TUESDAY, Dec. 6 (HealthDay News)-- Women who get routine mammograms can lower their risk of dying from breast cancer by nearly half, a new Dutch study suggests.
"Our study adds further to the evidence that mammography screening unambiguously reduces breast cancer mortality," said Dr. Suzie Otto, a senior researcher in the department of public health at Erasmus Medical Center in Rotterdam, the Netherlands.
The routine screening also lowered the chances of being diagnosed with an advanced cancer, she said.
The study appears online Dec. 6 in the journal Cancer Epidemiology, Biomarkers & Prevention.
Mammography screening, including the best schedule and the best age to begin, is being hotly debated in the United States and elsewhere. Some experts think women should start getting them at age 40. Other think women should discuss the pros and cons of the test at 40, decide on an individual basis and start screens routinely at 50. Otto's study only looked at women aged 49 and older.
Otto tracked 755 patients who died from breast cancer from 1995 to 2003 and another 3,739 control patients matched by age and other measures.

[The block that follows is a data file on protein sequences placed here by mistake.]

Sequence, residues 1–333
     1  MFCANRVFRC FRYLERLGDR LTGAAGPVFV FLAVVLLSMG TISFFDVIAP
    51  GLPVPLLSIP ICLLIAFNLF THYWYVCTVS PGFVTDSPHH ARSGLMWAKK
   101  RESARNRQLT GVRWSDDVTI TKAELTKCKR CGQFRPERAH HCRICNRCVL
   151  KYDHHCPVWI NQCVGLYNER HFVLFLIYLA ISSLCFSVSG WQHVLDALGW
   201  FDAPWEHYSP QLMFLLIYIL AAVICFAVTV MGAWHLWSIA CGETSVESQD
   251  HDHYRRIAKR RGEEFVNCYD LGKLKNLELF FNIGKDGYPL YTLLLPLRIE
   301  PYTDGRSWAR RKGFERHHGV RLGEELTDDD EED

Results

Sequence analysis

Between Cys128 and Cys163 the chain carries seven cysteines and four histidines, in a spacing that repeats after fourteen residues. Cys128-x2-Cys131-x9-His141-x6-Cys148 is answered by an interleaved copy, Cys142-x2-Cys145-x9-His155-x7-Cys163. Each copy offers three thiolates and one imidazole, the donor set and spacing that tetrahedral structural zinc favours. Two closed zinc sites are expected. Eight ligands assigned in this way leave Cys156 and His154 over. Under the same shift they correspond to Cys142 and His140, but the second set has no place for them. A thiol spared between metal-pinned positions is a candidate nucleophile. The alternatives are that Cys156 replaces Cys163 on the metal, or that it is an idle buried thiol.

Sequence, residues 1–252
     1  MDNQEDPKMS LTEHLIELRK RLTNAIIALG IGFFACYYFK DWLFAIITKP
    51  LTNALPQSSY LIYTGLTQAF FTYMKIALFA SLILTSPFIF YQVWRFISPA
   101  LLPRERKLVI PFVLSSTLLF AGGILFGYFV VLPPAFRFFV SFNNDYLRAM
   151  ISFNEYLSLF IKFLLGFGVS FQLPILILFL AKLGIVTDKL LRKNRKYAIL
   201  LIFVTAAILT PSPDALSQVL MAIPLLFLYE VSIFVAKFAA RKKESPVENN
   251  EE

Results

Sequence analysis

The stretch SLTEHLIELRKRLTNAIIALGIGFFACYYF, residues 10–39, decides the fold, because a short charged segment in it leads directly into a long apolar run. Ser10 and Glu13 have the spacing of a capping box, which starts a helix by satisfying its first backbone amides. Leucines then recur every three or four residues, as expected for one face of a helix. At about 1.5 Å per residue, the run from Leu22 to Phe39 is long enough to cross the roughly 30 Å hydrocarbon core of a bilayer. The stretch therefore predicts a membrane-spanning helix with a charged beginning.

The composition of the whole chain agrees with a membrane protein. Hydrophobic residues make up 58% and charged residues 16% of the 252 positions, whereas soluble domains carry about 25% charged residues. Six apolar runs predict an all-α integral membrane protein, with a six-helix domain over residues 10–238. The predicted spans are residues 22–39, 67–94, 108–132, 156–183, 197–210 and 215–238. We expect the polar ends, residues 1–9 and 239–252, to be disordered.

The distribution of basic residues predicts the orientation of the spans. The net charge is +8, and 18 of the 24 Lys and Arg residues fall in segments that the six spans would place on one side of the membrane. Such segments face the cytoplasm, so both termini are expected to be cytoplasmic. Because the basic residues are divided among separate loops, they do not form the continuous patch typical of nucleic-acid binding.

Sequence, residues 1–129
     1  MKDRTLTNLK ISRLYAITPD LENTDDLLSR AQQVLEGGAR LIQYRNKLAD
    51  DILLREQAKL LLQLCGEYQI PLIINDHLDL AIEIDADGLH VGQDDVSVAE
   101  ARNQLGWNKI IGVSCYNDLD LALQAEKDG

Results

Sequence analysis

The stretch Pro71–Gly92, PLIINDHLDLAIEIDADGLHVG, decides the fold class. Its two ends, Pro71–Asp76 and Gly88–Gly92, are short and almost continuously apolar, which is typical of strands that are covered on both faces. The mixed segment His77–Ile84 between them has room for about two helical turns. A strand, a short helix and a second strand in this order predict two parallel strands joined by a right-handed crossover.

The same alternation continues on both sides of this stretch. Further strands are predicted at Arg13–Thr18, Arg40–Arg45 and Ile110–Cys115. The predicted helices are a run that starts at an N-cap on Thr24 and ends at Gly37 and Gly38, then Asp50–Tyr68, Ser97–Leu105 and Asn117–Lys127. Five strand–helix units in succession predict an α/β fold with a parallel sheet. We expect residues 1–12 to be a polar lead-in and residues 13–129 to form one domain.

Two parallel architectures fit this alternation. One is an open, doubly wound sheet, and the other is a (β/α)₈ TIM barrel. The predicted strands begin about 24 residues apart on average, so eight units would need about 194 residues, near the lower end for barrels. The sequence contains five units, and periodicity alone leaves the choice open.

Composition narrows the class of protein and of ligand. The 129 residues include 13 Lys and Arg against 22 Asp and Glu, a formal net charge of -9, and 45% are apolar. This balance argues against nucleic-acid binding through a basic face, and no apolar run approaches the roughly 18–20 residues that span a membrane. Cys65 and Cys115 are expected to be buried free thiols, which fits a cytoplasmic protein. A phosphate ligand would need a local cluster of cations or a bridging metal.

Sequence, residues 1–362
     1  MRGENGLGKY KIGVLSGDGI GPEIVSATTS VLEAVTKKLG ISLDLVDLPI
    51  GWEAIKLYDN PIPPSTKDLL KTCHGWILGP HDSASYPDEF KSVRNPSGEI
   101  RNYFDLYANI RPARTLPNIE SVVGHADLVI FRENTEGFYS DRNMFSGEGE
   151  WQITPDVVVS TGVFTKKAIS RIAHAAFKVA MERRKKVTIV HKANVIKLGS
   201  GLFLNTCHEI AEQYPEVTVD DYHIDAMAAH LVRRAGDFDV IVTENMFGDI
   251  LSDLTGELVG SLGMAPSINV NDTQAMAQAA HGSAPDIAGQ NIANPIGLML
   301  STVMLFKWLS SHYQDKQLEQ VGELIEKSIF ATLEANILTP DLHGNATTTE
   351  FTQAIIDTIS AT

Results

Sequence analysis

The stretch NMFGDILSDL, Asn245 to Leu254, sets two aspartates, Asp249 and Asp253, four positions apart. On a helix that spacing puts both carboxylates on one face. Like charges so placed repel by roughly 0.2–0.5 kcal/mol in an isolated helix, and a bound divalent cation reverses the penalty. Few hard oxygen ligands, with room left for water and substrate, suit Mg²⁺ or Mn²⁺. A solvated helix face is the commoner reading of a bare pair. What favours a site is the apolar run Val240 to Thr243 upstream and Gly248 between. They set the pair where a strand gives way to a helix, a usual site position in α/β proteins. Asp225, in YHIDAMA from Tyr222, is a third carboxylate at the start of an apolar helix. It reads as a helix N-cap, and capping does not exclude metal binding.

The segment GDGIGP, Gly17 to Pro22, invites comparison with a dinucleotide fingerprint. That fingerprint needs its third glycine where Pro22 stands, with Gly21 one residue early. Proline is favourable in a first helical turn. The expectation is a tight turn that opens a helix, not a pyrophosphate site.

Among the women with breast cancer, nearly 30 percent of tumors were found at screening and about 34 percent between screens. Nearly 36 percent of these women had never had a mammogram.
Advanced tumors were found in about 30 percent of the patients who had never been screened but in just over 5 percent of those who had mammograms.
Women who underwent screening reduced their risk of dying from breast cancer by 49 percent. Women aged 70 to 75 had the greatest risk reduction, reducing the risk of dying from breast cancer by 84 percent. The risk reduction in younger women, aged 50 to 69, was smaller, at 39 percent, but still considered substantial.
The greater risk reduction in women aged 70 to 75, Otto said, is probably a result of the long-term good effects of screening participation in the earlier target age group, 50 to 69, before the upper age limit for screening was extended in the Netherlands from 69 to 75.
The study findings ''add to the body of evidence supporting the fact that mammography matters in improving detection and survival," said Dr. Stephanie Bernik, chief of surgical oncology at Lenox Hill Hospital in New York City. "This study focuses on survival."
The study, however, has some limitations, Bernik noted. It's not clear, for instance, whether the women who died of cancer got less aggressive treatment or refused treatment. That could have affected survival, of course.
Mammography does lead to ''overtreatment" in some cases, Bernik acknowledged. Some cancers that are found on mammography may not have proven to be an issue in a woman's lifetime. "But there is no way to figure out which cancers will be a problem or not," she said.
To learn more about mammograms, visit the U.S. Department of Health and Human Services.
SOURCES: Suzie Otto, Ph.D., senior researcher, department of public health, Erasmus Medical Center, Rotterdam, the Netherlands; Stephanie Bernik, M.D., chief, surgical oncology, Lenox Hill Hospital, New York City; Dec. 5, 2011, Cancer Epidemiology, Biomarkers & Prevention, online
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